L'amant de Lady Chatterley

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L'amant de Lady Chatterley

Message  Ulysse92 le Jeu 13 Jan 2011 - 23:58

Hier soir ARTE nous passait la version longue... I love you I love you I love you I love you





La position qui lui fait découvrir l'orgasme


Effectivement il y a des dialogues très très politiques sur les rapports entre classes et Lady Chatterley a évidemment les yeux plus ouverts que son mari




Completed in 1928, and first published in Florence (to avoid censorship), what was then considered the most erotic novel ever published in English was inspired by the experiences of an Englishwoman in Taormina, an eastern Sicilian resort town which boasted an emigre population of sophisticated and eccentric Brits. As recently as 1959, puritanical Americans, in the guise of the U.S. Postal Service, attempted to ban Lady Chatterley's Lover from the mails, following similar action taken in Japan several years earlier. (The book is still banned in China, where it is a black market item.) The first film version, released about the same time, provoked similar censorship in the United States and around the world. Even in 1960, few countries seemed ready for the idea of a sexually liberated woman.

Lady Chatterley's Lover is the erotic love story of Constance Chatterley, aristocratic wife of a wheelchair-bound husband, who has an affair with a gamekeeper of their country estate. Tame by today's standards, the book was unorthodox in 1928. D.H. Lawrence wrote most of it while in Italy. The novel was not without precedent in erotic literature; Fanny Hill had appeared in 1749. Lady Chatterley, of course, was far more explicit than previous romantic novels of this kind.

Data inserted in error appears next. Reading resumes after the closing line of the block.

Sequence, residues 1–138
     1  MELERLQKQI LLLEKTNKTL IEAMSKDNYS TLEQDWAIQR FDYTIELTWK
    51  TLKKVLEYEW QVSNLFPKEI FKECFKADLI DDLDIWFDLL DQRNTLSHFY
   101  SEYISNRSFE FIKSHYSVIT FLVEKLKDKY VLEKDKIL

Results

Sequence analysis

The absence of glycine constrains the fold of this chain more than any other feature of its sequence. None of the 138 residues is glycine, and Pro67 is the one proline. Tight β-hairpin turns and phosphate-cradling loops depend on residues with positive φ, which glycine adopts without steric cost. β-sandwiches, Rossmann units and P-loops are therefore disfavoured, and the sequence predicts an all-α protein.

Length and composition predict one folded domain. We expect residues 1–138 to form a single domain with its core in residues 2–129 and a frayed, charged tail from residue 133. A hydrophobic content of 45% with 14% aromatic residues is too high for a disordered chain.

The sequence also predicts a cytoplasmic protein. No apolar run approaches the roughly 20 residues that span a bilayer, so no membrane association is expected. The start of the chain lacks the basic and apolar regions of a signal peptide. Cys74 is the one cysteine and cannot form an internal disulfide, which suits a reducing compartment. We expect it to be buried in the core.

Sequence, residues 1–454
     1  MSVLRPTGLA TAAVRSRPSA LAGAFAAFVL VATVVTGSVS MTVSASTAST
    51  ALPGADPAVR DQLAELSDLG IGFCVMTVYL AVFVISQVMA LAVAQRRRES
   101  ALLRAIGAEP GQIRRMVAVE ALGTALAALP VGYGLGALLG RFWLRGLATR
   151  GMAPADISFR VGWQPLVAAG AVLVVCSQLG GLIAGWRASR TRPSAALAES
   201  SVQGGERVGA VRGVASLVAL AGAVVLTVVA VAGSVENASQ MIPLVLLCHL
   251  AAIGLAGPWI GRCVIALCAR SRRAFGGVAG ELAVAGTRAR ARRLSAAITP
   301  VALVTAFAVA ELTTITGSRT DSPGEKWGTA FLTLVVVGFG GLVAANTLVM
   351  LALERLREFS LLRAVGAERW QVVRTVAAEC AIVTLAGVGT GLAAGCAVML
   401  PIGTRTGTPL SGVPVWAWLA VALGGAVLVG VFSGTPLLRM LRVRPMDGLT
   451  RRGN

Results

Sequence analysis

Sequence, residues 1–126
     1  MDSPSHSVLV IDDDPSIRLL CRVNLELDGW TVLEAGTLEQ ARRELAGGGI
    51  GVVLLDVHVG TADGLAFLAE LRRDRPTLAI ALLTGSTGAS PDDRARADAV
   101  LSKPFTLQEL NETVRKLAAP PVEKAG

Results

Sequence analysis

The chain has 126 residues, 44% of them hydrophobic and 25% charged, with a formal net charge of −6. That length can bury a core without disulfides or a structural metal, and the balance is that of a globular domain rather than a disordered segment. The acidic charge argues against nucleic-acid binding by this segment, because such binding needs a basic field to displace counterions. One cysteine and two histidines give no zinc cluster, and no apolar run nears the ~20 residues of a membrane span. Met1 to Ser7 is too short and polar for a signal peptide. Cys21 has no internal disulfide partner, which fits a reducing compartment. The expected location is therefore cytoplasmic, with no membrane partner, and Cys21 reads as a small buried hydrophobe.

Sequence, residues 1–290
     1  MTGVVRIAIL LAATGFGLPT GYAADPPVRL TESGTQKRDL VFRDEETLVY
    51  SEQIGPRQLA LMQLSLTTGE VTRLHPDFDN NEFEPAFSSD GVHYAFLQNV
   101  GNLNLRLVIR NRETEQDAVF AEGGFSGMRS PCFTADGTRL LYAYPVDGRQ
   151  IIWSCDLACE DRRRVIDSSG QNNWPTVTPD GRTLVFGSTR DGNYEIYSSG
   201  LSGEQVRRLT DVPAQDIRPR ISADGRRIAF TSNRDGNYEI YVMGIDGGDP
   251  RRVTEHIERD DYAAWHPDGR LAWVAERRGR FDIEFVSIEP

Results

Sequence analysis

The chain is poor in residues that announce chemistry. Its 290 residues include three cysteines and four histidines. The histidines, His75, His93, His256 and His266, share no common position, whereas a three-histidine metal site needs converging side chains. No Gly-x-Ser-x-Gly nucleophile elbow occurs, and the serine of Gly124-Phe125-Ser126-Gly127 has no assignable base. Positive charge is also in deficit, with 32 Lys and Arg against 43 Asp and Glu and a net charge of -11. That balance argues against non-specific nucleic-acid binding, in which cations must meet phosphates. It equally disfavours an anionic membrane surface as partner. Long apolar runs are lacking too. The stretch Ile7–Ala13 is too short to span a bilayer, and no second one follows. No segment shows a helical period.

But Lady Chatterley was slightly political, too, and this offended (or perhaps frightened) many conservatives. British and American women had just won the right to vote; the spirit of liberation was in the air. Moreover, Lady Chatterley's husband was confined to a wheelchair as a result of wounds suffered in the First World War, making the novel's subtle pacifism almost as scandalous as its sexual theme. Its author's outspoken opposition to the Great War was well known, his support of women's rights equally so. In the eyes of some people, D.H. Lawrence was a dangerous man whose ideas could alter the very fabric of society. But unlike his idealistic comtemporary, H.G. Wells (who advocated "free love"), Lawrence was considered an outsider.


PS Quelqu'un a -t il lu Fanny Hill?
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Ulysse92
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